> year, a.k.a. second summer a.k.a. year old, plumages for many species are
> pretty definitive, and quite distinct from adults. In the case of COTE and
> ARTE, birds stay in a plumage that resembles their initial juvenile
> coloration for their second calendar year. The black-billed,
> white-foreheaded birds that are so abundant at the beach this season are
> coming up on a year old. This “imperfect” adult Arctic, with only some
> smudges, flecks, and short streamers to separate it from a classic mature
> bird, is probably at least two years old. I certainly don’t think it was
> born during the last season, which is what I understand makes a second
> summer bird. It may be in its third summer, or maybe it’s older and just a
> little funky. I reported it on eBird as ASY, because it is definitely far
> more progressed than the typical yearling birds loafing around the inlets.
> >
> > Cheers!
> > -Tim H
> >
> > On Jun 18, 2018, at 7:15 PM, Steve Walter <swalter15...><mailto:
> <swalter15...>> wrote:
> >
> > Tim,
> >
> > In normal conversation, I typically use the phrase “two year old” for
> birds that I suspect were born two summers ago. But as the conversation of
> recent days has alluded, there can be adults that for whatever reason, are
> not complete. And adult traits may not develop in sync in younger birds.
> Looking back at the weekend’s posts, I saw that Pat Lindsay made a point
> about her “second summer type” having a black bill. Today’s had a red bill.
> So a two year old? Probably. But definitely? Maybe, maybe not. It looks
> like it – so “second summer type” works for the public record.
> >
> > Steve
> >
> >
> > From: Timothy Healy [mailto:<tph56...>]
> > Sent: Monday, June 18, 2018 6:49 PM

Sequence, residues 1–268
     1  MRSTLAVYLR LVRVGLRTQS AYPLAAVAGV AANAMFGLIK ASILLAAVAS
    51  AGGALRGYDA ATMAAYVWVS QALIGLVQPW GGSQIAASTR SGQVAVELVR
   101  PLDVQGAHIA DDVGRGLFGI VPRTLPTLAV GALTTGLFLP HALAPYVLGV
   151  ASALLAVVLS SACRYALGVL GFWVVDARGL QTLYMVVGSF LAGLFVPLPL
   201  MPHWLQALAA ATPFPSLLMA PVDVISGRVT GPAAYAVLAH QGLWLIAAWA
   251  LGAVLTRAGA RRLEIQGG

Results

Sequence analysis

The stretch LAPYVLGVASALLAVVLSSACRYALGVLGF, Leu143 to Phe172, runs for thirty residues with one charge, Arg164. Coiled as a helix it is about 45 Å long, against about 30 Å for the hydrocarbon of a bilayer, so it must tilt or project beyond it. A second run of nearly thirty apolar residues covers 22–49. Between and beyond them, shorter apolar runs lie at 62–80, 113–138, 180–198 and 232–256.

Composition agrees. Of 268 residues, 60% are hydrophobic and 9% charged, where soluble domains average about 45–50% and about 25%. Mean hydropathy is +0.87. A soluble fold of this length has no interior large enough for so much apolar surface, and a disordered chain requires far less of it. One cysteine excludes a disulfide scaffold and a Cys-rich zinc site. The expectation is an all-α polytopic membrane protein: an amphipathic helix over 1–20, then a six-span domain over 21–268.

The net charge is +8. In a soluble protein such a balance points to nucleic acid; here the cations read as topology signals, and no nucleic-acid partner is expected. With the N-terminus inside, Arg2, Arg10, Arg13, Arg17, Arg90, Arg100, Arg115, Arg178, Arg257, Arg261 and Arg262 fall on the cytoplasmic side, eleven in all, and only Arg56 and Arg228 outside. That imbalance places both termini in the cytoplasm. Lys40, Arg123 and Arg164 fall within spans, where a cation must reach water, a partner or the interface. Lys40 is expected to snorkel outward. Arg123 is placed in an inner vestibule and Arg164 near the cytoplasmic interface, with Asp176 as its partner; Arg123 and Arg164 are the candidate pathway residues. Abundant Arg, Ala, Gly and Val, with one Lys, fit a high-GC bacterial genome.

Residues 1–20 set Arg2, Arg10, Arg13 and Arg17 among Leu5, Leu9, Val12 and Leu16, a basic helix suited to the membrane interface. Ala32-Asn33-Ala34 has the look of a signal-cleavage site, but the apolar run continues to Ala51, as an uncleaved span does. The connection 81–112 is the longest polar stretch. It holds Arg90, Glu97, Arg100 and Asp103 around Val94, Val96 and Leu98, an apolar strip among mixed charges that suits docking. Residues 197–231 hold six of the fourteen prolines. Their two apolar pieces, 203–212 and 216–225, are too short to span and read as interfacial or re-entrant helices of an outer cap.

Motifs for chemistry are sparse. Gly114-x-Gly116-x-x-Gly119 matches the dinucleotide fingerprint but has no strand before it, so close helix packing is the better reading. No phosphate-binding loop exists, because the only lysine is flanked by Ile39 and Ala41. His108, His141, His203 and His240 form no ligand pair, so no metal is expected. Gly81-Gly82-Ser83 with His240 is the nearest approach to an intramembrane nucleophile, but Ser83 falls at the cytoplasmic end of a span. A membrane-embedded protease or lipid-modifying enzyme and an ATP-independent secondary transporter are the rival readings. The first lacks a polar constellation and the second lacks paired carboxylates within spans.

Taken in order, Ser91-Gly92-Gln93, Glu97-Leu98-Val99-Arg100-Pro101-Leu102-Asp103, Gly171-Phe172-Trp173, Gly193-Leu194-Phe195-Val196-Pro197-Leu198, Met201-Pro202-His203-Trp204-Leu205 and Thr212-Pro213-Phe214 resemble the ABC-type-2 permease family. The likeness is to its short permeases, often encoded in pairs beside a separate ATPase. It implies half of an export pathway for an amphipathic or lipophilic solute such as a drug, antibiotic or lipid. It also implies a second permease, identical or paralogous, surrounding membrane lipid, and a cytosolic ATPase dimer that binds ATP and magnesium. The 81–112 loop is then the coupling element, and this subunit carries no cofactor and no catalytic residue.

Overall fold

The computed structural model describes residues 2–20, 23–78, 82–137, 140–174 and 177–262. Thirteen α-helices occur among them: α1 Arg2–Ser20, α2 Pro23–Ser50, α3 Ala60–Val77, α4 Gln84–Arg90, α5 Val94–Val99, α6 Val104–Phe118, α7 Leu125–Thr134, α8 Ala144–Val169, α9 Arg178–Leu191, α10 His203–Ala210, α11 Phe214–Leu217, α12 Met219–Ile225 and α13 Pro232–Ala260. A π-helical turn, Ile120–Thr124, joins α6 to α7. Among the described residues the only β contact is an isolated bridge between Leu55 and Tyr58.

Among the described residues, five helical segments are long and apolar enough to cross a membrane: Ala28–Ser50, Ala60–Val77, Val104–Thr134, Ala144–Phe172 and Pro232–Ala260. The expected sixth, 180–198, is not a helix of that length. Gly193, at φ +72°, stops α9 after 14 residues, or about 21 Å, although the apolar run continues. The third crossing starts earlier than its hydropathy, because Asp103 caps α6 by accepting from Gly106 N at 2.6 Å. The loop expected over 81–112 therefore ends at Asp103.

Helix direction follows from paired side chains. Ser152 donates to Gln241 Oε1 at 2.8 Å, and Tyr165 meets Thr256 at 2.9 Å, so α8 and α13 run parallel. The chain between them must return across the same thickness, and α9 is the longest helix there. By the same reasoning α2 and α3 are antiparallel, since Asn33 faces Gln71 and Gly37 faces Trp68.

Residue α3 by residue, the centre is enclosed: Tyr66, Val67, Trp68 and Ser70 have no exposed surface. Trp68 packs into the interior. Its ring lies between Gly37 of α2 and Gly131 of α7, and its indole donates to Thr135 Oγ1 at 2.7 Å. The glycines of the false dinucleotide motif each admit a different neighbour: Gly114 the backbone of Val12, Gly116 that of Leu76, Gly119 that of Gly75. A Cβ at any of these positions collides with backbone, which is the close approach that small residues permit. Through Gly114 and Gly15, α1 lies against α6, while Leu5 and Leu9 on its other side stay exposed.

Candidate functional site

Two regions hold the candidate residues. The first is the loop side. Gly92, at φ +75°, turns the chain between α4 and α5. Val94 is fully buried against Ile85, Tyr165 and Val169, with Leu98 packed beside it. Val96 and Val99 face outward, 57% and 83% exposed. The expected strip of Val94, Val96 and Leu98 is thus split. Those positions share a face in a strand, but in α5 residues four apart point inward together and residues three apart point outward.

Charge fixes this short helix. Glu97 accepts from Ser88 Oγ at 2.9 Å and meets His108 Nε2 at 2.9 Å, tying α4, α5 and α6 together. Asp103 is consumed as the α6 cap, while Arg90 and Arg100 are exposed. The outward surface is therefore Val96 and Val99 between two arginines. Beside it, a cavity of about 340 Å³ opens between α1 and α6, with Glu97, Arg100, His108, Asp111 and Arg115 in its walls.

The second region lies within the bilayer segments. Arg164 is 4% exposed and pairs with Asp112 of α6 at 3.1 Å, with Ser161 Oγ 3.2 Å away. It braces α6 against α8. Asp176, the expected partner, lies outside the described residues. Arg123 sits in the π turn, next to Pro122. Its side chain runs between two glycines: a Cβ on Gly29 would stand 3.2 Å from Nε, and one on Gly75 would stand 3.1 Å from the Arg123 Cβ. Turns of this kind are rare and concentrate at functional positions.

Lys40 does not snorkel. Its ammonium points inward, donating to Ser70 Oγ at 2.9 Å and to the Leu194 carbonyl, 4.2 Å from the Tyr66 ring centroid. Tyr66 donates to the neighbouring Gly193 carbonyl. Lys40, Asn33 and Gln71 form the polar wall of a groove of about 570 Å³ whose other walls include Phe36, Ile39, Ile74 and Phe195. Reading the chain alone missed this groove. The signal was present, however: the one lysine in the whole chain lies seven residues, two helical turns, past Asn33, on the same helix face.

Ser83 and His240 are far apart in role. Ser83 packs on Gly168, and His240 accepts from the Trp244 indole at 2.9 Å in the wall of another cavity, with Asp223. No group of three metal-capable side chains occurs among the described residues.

> > To: Steve Walter <swalter15...><mailto:<swalter15...>>
> > Cc: NYSBIRDS <NYSBIRDS-L...><mailto:NYSBIRDS-L@list.
> cornell.edu>>
> > Subject: Re: [nysbirds-l] Nickerson Beach Arctic Tern and others
> >
> > Steve and other sternid enthusiasts,
> >
> > Isn’t second summer the term used for the immature aspect birds with
> white foreheads and black bills? A freshly fledged juvenile would be living
> through its first summer, so second summer individuals are yearlings,
> correct? If my understanding of the nomenclature is accurate, the bird I
> found yesterday, which matches Steve’s description and the photos of
> Tripper’s bird from Friday, would be in its third summer or older. At a
> glance it looks like a classic alternate plumage adult ARTE, but the faint
> darker smudging on the carpal bar and the tail streamers that don’t extend
> beyond the folded wingtips indicate that it is not fully mature. I saw a
> similarly marked individual at Nickerson last year, and in 2015 I got a
> photo of an adult-like ARTE with a surprisingly dark bill. The variation in
> age classes and species of terns is so fascinating. I’ve learned a lot from
> these discussions about Arctics, Roseates, and the mysterious dark Commons.
> Mornings and afternoons at the colonies and inlets are one of my favorite
> parts of early summer here on Long Island.
> >
> > Cheers!
> > -Tim H
> >
> > On Jun 18, 2018, at 6:05 PM, Steve Walter <swalter15...><mailto:
> <swalter15...>> wrote:
> > Another day, another Arctic Tern at Nickerson Beach. Actually, my first
> for the year, and this one had to be waited on. It might have been too
> foggy in the morning for it to find land (joke). Interesting bird this one.
> My tern guru advises me to call it a “second summer type”. Basically adult
> looking with a red bill, but with a carpal bar and speckling on the
> forehead (not well visible in the picture I posted). In a similar vein,
> there was a Roseate Tern of less than full adult appearance. This bird, and
> also a full adult, had readable blue legs bands. Maybe others have seen
> this, but this is the first time I’ve seen terns with something more
> readable in the field than the metal bands. I’ll reports these (bands B97
> and Y11) and find out more in due time. But perhaps someone on this list
> might know something (Joe D?). Also, a Gull-billed Tern flying over the
> east tern colony around mid-day. Pictures of the Arctic and Roseates have
> been added to the bottom of the Recent Work page at my web site
> http://stevewalternature.com/ .
> >
> > Steve Walter
> > Bayside, NY